How many of us were complaining about our mundane circumstances before COVID-19 disrupted our daily lives? I admit to being guilty of this. I wished I had more time to spend with my family. I wished I had more time to write a new book. I wished I had time to thoroughly review my business model in light of the increasing prevalence of digitalisation. I was deeply dissatisfied with the state of things. Oddly enough, now that it’s a month into the Circuit Breaker (stay-home law) here in Singapore, I find myself amongst many others fearing that things will never go back to normal. Why do I long to go back to something I was unhappy with in the first place?
The uncertain future of our economy and business structures propose that we may have to get used to work-from-home (WFH) for an indefinite future. Daily life, as the government has warned, will not be the same immediately even once the Circuit Breaker is lifted. We’ve got to get used to a new way of life in order to survive the present economic upheaval. Many institutions have termed this as the “new normal”. How then can we accept this change psychologically?
The Bridges Transition Model is an apt framework for helping us cope mentally with the flux of changes all around us. This model identifies 3 stages an individual experiences during change: Ending What Currently Is, The Neutral Zone and The New Beginning.
According to Bridges, transition is the inner psychological process that people go through as they internalise and come to terms with the change, which in this case is COVID-19. As leaders, empathy is key to supporting people through transition. Let’s take a look at practical ways we can help others embrace this new normal.
Ending What Currently Is
The paradoxical truth is that every new beginning starts with an ending. Leaders have to help people identify what are the losses that come with endings and process it to a place of acceptance. It could be a job, freedom to go where you please, a conducive work environment or even a loved one to the virus. Leaders help people learn to let go, but leaders also remind them of hope and a greater purpose. What are the things we can be grateful for in this time? How can we turn this disappointment into opportunity?
The Neutral Zone
The transition that occurs after we let go. There will be a period of limbo where the old has passed but the new isn’t fully operational yet. Think of it as a test-drive or prototype. It is when critical psychological re-alignments and re-patternings take place. With these cognitive adjustments, our identities will at the very least be marginally altered. People need time to explore and learn new processes. Some will work and some won’t, but the new normal we all speak of will be a result of trial-and-error. As the implications of this pandemic are unprecedented, be patient with others as we all need time to navigate confusion and distress. It is important that a leader recognises that The Neutral Zone is fertile soil for new beginnings to emerge.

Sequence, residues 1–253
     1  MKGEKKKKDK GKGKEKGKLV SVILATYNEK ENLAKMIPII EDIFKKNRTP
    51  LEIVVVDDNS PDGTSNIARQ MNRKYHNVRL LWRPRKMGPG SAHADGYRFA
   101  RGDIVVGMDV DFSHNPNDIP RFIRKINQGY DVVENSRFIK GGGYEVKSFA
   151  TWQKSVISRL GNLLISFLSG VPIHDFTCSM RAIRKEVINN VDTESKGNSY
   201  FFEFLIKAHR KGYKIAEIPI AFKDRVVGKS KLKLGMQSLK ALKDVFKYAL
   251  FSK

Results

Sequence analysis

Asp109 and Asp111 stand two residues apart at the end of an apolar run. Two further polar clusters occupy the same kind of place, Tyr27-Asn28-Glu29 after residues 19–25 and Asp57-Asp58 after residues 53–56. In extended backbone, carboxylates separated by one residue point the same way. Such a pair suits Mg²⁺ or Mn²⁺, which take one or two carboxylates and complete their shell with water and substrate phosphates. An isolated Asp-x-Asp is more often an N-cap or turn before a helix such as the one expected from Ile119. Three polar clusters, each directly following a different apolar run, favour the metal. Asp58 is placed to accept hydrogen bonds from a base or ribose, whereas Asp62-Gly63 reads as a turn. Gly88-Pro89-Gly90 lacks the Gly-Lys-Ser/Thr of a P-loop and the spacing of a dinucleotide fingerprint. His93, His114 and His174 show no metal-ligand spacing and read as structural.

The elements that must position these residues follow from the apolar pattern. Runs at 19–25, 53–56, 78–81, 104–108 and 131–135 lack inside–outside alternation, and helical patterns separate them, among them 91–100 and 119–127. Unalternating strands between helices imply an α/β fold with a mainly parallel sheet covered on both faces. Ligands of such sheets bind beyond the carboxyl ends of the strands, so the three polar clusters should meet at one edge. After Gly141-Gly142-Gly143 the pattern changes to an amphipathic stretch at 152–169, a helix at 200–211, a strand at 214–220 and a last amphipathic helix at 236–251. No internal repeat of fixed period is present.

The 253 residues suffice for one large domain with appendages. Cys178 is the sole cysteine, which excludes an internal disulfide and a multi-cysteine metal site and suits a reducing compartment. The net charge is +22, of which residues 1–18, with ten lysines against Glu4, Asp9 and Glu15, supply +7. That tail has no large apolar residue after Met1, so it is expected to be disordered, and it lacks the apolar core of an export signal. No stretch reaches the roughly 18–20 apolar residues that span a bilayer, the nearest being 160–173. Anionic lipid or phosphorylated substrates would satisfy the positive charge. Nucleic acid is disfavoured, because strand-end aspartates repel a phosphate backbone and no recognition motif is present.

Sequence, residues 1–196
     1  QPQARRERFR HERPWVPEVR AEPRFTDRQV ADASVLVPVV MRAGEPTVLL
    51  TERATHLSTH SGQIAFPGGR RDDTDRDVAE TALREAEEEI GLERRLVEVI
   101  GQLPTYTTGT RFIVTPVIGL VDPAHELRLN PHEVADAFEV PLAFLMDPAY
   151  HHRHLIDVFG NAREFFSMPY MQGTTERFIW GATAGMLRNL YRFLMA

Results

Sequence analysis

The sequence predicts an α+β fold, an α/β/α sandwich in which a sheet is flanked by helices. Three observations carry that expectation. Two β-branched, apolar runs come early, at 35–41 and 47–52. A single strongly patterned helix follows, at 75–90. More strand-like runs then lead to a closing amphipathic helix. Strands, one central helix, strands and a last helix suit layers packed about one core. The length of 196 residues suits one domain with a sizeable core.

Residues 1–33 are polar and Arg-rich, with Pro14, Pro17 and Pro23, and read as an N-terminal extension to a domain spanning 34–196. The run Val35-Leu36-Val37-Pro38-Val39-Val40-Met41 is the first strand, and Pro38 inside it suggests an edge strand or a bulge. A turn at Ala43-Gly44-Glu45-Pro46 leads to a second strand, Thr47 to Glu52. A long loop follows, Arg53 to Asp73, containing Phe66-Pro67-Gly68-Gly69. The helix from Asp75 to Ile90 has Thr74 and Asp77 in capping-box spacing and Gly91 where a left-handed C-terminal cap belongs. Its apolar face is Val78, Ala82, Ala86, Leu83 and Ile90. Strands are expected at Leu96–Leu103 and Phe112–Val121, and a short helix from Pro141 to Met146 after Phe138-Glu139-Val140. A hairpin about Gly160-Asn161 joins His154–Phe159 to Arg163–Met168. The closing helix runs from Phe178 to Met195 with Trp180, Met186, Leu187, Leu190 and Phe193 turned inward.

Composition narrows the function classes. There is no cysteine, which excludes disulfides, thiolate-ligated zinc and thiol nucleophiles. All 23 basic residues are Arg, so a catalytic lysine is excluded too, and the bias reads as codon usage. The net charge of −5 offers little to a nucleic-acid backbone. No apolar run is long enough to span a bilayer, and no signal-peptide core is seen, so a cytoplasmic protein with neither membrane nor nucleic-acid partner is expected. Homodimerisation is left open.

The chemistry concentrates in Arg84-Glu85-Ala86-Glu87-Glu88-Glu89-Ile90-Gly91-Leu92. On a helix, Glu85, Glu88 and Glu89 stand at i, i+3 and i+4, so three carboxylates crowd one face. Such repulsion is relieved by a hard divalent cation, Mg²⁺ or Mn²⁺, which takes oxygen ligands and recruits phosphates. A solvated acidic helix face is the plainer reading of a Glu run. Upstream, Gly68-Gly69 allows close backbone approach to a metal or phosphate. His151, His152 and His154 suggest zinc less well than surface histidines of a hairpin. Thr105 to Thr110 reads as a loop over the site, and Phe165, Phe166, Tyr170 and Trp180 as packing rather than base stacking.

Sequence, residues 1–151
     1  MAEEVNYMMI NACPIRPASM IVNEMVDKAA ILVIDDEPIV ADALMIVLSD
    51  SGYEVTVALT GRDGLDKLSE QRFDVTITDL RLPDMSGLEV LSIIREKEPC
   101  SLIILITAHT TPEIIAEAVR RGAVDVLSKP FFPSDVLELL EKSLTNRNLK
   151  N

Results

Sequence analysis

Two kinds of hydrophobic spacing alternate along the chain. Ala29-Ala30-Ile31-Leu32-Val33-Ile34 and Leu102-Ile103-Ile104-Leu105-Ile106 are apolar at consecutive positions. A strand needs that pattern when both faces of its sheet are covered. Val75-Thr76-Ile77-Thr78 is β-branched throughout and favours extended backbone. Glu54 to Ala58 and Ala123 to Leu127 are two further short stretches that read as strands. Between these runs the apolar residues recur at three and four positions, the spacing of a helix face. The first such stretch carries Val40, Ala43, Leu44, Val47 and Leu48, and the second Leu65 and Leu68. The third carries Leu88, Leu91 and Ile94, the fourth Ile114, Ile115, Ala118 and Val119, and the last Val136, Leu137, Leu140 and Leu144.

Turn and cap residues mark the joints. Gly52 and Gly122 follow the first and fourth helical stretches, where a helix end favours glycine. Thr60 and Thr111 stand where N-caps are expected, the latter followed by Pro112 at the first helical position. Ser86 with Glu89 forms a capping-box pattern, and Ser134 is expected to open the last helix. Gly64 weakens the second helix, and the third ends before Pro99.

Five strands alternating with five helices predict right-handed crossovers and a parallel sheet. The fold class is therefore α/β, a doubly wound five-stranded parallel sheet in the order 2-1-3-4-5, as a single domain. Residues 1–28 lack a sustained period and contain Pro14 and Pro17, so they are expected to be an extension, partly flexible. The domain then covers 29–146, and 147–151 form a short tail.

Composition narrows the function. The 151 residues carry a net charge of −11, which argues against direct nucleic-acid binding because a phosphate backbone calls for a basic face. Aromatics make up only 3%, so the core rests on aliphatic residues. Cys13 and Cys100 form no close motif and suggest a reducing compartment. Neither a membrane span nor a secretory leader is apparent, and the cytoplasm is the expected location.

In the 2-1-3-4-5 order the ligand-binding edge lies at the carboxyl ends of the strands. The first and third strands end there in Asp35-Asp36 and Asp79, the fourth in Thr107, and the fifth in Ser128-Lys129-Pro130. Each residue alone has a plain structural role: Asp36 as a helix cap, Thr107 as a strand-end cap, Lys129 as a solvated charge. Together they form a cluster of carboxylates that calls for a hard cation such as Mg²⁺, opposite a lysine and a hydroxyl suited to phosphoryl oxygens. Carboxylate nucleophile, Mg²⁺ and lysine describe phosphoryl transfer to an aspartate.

"The essence of life takes place in the neutral zone phase of transition. It is in that interim spaciousness that all possibilities, creativity and innovative ideas can come to life and flourish." - Susan Bridges
The New Beginning
Finally, the last stage of the transition process. This is where we fully embrace new understandings, values and attitudes. With this comes a new identity. Perhaps you will be forced to re-skill and upgrade yourself in order to remain employable. Or maybe you will leave corporate life for the first time since you started working to take care of your children. Or start pursuing your long-neglected entrepreneurial idea you think would help the world right now. Whatever your new beginning is, remember that you are a leader - yes, leading yourself counts too. Leaders will take on their new role understanding their purpose, role and contribute effectively. This is a chance for all of us to reset and renew ourselves.
For Singaporeans come 1st June 2020, we will need to know our must-haves and weeded out the nice-to-haves in order to know what we’re bringing into The New Beginning.
Here are some lessons I’ve learned during this time and will be bringing into my New Beginning:
- Only have relevant and necessary people present in a meeting to make decision-making more efficient.
- Workers need to have a flexible and scalable unified platform of communication, preventing a Silo Mentality, where departments or management groups do not share information, goals, tools, priorities and processes with others.
- Companies need to capitalise on the advantages of technology and fully learn its capabilities in order to remain competitive and functional in times of crises that require physical separation.
Each individual’s duration of the 3 stages of transition will be different. Take time to fully grieve over the losses, adapt quickly in the interim to gain clarity and finally synthesise all you’ve learned and processed into your new normal.
To guide you and your company during this time, Pace is offering virtual coaching sessions tailored to your needs. For more information, contact email@example.com.